24 May 2009

Criminals Guilty of No Crimes, in Nietzsche, Will to Power, § 235

by Corry Shores
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Criminals Guilty of No Crimes

Friedrich Nietzsche

The Will to Power

§ 235
(Spring-Fall 1887; rev. (Spring-Fall 1888)

We cannot undo past deeds by regretting them. So we should not feel the shame, embarrassment, and guilt of remorse. In fact, we should always feel an extreme pride.
we immoralists prefer not to believe in "guilt." We hold instead that every action is of identical value at root.
Circumstances providing, any of us would commit a crime.
One should never say on that account: "You should not have done this or that," but always: "How strange that I should not have done that a hundred times before!"
Our actions are "merely reflexes that respond to a stimulus: long before the depths of our being are touched by it, consulted about it."

Often times we do something wrong and feel as though it was not we who did it. This is a "spiritual disorder, a form of hypnotism." We must resist it at all costs.

Nonetheless, society judges us according to single criminal deeds.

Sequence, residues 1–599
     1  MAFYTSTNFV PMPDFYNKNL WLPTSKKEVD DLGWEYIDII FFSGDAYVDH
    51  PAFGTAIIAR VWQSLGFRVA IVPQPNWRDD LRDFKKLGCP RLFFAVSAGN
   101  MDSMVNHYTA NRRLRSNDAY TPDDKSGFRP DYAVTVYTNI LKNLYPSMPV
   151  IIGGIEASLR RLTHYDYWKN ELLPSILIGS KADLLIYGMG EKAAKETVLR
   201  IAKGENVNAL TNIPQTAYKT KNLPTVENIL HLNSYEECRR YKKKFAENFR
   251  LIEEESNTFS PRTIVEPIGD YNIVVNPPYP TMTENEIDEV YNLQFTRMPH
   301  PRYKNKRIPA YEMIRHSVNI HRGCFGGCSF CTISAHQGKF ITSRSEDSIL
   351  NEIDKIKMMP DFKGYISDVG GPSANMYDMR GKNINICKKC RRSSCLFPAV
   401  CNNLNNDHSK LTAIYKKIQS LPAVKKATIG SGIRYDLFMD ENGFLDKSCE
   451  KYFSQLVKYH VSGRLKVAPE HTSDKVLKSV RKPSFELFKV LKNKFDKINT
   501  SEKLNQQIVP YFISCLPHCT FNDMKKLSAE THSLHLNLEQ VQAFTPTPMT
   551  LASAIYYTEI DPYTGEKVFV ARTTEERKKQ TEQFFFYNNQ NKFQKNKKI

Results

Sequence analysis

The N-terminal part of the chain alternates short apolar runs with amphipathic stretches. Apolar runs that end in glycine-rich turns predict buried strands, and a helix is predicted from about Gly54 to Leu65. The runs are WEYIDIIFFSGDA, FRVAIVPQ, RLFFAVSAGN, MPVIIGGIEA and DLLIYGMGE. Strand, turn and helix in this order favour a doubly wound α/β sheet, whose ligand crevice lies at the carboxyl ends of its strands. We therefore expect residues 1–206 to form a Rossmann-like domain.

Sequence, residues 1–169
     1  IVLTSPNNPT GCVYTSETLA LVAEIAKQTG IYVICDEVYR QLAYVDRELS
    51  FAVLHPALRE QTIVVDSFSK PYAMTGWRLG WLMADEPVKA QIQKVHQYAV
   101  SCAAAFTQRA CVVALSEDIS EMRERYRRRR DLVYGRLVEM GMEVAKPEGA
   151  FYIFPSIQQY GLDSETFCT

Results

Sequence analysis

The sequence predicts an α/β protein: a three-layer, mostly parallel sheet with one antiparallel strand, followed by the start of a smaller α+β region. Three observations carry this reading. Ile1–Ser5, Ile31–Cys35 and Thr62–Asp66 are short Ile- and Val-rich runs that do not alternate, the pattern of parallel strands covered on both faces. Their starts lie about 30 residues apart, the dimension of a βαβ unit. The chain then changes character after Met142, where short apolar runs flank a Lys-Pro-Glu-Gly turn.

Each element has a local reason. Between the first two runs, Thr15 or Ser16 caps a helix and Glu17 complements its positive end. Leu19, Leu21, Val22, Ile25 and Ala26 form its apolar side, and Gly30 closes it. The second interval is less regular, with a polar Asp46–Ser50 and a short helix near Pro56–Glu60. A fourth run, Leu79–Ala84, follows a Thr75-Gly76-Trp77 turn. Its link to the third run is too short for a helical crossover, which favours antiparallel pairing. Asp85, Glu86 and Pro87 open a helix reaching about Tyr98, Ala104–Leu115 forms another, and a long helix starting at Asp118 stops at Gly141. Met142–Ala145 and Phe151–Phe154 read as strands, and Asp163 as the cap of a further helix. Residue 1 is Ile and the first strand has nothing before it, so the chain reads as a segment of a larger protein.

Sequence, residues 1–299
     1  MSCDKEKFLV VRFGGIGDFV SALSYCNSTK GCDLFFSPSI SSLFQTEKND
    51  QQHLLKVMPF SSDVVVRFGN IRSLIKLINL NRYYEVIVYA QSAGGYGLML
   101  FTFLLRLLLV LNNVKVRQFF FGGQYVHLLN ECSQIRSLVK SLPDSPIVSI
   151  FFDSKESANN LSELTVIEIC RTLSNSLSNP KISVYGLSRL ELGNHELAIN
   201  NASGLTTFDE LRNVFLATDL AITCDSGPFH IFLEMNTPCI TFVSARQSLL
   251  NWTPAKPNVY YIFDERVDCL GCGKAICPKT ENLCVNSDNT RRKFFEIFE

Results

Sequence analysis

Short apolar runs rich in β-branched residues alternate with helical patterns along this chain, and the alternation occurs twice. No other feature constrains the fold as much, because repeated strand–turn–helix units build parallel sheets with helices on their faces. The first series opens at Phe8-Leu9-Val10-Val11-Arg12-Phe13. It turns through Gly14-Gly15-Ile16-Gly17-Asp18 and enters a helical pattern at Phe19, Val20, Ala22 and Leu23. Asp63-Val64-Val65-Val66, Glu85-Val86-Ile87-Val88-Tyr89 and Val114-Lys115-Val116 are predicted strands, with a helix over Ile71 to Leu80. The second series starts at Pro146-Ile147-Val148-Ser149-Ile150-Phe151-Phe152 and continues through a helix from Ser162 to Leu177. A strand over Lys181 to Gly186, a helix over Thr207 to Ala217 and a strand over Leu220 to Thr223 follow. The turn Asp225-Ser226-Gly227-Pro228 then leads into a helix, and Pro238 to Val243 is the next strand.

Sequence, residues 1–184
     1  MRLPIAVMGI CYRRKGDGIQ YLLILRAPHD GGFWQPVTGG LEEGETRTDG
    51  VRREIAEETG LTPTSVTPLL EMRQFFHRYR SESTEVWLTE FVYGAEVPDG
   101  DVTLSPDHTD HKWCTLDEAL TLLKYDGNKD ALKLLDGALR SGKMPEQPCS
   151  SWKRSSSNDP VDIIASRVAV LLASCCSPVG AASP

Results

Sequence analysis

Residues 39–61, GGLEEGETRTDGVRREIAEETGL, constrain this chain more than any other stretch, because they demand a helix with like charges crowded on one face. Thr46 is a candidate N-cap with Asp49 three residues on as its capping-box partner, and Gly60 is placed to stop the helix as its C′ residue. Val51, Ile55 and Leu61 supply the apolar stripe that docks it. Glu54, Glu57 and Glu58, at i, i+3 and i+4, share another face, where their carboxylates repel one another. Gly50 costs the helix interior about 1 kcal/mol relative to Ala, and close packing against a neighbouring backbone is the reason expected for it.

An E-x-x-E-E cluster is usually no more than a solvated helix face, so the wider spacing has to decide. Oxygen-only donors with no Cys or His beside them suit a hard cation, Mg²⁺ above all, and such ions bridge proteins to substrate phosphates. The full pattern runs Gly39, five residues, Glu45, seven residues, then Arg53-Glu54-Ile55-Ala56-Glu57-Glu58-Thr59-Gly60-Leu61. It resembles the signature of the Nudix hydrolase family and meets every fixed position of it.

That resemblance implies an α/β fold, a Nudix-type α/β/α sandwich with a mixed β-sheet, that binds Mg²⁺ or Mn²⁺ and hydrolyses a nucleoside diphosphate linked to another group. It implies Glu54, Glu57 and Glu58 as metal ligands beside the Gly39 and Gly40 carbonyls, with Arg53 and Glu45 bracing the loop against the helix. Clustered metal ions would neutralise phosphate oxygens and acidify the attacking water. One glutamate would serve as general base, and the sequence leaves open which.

That stems from the fact that a spiritual disturbance follows every deed with unusual consequences, whether these consequences are good or ill. Observe a lover who has received a promise, or a poet applauded by an audience: so far as torpor intellectualis is concerned, they differ in no way from an anarchist confronted with a search warrant.
Some actions are below our worth. If they were typical of us, we would enter a lower class of men. But we are not worthy enough for certain other actions. These we might commit only very rarely when we are overflowing with happiness and health. Artists create works out of such actions. So we should not measure the artist himself against his best works. For they were the products of exceptional acts.

Nietzsche, Friedrich. The Will to Power. Ed. Walter Kaufmann. Transl Walter Kaufmann and R.J. Hollingdale. New York: Random House Vintage Books, 1967.

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